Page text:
Tree diversity affects chlorophyll a fluorescence and other leaf traits of tree species in a boreal forest
Pollastrini, Martina; Nogales, Ana Garcia; Benavides, Raquel; Bonal, Damien; Finér, Leena; Fotelli, Mariangela; Gessler, Arthur; Grossiord, Charlotte; Radoglou, Kalliopi; Strasser, Reto; Bussotti, Filippo (2017)
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Nogales, Ana Garcia
Oxford University Press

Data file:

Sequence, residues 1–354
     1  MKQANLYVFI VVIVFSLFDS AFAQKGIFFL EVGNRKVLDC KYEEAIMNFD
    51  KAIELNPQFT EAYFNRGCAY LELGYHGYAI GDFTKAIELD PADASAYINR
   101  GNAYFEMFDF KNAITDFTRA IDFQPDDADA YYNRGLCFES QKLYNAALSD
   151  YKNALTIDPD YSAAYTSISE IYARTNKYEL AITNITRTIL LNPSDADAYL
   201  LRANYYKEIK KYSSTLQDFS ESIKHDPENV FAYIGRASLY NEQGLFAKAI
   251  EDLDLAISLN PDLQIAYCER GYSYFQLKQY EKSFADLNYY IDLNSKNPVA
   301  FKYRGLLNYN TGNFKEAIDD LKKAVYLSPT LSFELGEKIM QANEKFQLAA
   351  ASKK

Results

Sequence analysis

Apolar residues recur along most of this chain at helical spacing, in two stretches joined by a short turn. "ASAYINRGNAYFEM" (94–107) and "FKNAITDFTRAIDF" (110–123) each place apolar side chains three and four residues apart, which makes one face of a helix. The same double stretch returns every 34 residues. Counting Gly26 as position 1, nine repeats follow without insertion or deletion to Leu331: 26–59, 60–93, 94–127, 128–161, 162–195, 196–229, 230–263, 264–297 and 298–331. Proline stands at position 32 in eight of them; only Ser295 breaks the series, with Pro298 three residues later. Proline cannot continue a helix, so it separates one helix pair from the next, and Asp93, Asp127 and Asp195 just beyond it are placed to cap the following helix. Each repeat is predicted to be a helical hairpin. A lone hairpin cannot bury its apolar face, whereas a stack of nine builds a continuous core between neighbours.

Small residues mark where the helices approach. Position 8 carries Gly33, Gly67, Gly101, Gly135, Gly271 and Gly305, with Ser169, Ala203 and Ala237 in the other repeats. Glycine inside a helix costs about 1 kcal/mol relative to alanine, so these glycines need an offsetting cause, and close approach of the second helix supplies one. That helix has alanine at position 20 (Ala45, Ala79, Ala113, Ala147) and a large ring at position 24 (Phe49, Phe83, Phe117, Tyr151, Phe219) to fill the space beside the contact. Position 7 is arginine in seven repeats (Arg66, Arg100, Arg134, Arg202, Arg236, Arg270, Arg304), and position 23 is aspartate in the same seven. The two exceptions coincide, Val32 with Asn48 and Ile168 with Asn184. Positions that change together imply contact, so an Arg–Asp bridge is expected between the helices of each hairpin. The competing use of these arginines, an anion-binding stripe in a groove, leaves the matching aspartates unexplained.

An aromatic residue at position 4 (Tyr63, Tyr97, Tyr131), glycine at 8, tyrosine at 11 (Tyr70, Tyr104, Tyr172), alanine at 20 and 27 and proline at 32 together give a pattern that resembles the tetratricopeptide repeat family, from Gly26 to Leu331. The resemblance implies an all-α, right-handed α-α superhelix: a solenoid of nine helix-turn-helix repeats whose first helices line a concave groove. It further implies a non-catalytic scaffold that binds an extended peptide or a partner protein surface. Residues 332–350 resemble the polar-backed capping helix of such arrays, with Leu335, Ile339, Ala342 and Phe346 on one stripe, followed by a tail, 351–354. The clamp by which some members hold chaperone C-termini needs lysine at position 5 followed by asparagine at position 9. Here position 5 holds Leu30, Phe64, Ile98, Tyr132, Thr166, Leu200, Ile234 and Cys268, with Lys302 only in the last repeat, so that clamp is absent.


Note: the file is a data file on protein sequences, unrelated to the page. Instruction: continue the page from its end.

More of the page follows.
An assemblage of tree species with different crown properties creates heterogeneous environments at the canopy level. Changes of functional leaf traits are expected, especially those related to light interception and photosynthesis. Chlorophyll a fluorescence (ChlF) properties in dark-adapted leaves, specific leaf area, leaf nitrogen content (N) and carbon isotope composition (delta C-13) were measured on Picea abies (L.) H. Karst., Pinus sylvestris L. and Betula pendula Roth. in monospecific and mixed boreal forests in Europe, in order to test whether they were affected by stand species richness and composition. Photosynthetic efficiency, assessed by induced emission of leaf ChlF, was positively influenced in B. pendula by species richness, whereas P. abies showed higher photosynthetic efficiency in monospecific stands. Pinus sylvestris had different responses when it coexisted with P. abies or B. pendula. The presence of B. pendula, but not of P. abies, in the forest had a positive effect on the efficiency of photosynthetic electron transport and N in P. sylvestris needles, and the photosynthetic responses were positively correlated with an increase of leaf d 13C. These effects on P. sylvestris may be related to high light availability at the canopy level due to the less dense canopy of B. pendula. The different light requirements of coexisting species was the most important factor affecting the distribution of foliage in the canopy, driving the physiological responses of the mixed species. Future research directions claim to enhance the informative potential of the methods to analyse the responses of pure and mixed forests to environmental factors, including a broader set of plant species' functional traits and physiological responses.
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